And, the company’s numerous city warehouses store a wide variety of raw materials as well as finished goods, from tomato paste for Campbell Soup Co. to pulp and paper storage for Kimberly-Clark to rolled corrugate for Huhtamaki fast food packaging.
“Our team has really done a great job of diversifying our customer mix since news came a couple years ago that Campbell Soup was changing its distribution model,” We Pack President Brandon Hoog said from parent company HWH corporate offices on South Church Street. “Campbell Soup does less packaging and warehousing with us locally, which opened up some capacity for us to serve other customers in new ways.
“We still happily perform a large amount of packaging and warehousing for them in our North Carolina facilities as well as storage for them here in Paris, but now are able to expand our service offering to other food and beverage customers in North Texas.”
We Pack does a significant amount of packaging work, both locally and in other parts of the country.
“Right now we are packaging multi-flavored packs of bottled water; two months ago we were filling plastic Easter eggs; and in a couple of months we will be making gift card and battery displays again,” Hoog said, explaining We Pack employees last year sent out 11,000 corrugated Christmas gift card displays to a large retailer with stores from Canada to Puerto Rico and points in between, including Paris.
“I just think it is great that such a visible Christmas display in stores from as far away as Puerto Rico or Alaska was packaged and touched by people right here in Paris, Texas,” Hoog said.
In Dallas, We Pack has a couple of packaging and distribution operations as well — one at a large candy manufacturer’s distribution center where We Pack packages for Brach’s, Trolli and other well known candy brands, and another providing pick and pack services for a hardware distributor, sending cabinet hardware, bolts, hinges and more to companies all across the country.
Shalisha Hines leads the Texas division of We Pack as the director of operations with long-time employees Tina Maynard overseeing packaging and Connie Fields focusing on the company’s warehouse services.
“We Pack is fortunate to have many long-term, dedicated employees who work very hard on our customer’s behalf,” Hoog added. “We couldn’t do it without our great team, who is focused on exceeding customer expectations.”
“We want to be the best, most highly certified and technology enabled packaging and logistics partner for consumer packaged goods companies large and small,” Hoog said. “We Pack is a flexible company that can help beginning entrepreneurs get their product to market in one of our food grade warehouses or handle the needs of large, established companies.”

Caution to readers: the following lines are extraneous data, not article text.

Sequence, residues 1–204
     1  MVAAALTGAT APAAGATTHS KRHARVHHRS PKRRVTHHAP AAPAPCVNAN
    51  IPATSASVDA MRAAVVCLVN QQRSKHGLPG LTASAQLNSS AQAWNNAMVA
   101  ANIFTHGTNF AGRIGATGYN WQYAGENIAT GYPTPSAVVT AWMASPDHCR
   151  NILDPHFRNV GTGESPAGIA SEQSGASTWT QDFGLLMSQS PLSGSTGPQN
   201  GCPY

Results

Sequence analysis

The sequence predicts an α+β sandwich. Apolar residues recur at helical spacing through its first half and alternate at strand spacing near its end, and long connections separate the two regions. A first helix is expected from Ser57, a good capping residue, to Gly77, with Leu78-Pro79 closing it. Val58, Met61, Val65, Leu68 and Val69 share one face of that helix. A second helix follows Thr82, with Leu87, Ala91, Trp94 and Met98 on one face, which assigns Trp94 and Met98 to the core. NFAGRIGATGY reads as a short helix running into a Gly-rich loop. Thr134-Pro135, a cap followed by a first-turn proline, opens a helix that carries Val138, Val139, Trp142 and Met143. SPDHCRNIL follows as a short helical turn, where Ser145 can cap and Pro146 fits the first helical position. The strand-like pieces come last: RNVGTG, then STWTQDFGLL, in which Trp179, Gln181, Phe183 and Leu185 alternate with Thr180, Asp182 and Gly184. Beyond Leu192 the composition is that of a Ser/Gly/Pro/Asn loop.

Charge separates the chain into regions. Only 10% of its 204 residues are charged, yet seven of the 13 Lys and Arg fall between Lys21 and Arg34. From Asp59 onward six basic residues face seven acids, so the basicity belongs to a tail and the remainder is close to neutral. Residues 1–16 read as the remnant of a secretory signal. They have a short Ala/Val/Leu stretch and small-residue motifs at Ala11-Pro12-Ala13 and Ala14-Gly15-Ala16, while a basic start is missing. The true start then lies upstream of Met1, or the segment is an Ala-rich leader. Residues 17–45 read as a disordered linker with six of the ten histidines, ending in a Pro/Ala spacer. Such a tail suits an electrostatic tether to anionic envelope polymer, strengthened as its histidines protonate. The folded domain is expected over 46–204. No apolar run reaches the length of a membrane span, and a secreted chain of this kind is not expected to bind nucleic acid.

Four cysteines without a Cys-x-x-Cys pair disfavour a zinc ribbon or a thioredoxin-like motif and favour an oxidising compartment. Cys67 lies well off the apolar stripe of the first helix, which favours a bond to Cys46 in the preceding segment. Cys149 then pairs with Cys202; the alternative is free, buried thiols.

Storage and warehousing
In addition to storage and warehouse facilities in Paris, We Pack has facilities across the United States to serve its expanding customer base.
We Pack’s leadership team continues with innovative undertakings, perhaps the latest, We Pack Logistics Transload, a full service rail transload, storage and transportation solution. In addition to facilities in Paris at 1569 S. Church St., the division has a rail siding near Hot Springs, Arkansas, serving a Reynolds plant and lumber customers among others.
“We bring in bulk products on rail and transload them to a truck and deliver locally and regionally,” Hoog said, noting steel is coming in locally from Mexico for trailer manufacturers, specialized glass beads for a local manufacturer as well as bulk feed and other materials.
Brandon Bond serves as the director of operations for the transload division.
We Pack continues expansion
Because of increased production and storage needs driven by a growing customer base, We Pack currently is doing a $1 million renovation of the former Paris Industries building on Northwest Loop 286, raising the roof on half the facility to open up the full 300,000 square feet of usable space.
“We are just happy to have these new customers who are driving these space requirements,” Hoog said. “We have come a long way in a short amount of time since changing our business model.”
The company will be hiring a significant number of employees for ramped up production.
“For people who have extra time during the summer, wanting to have a little fun and do something different, we have a nice opportunity for them,” Hoog said of about 150 openings for display production. “We are continuing to staff up for new contracts so there will be opportunities for long-term employment as well.”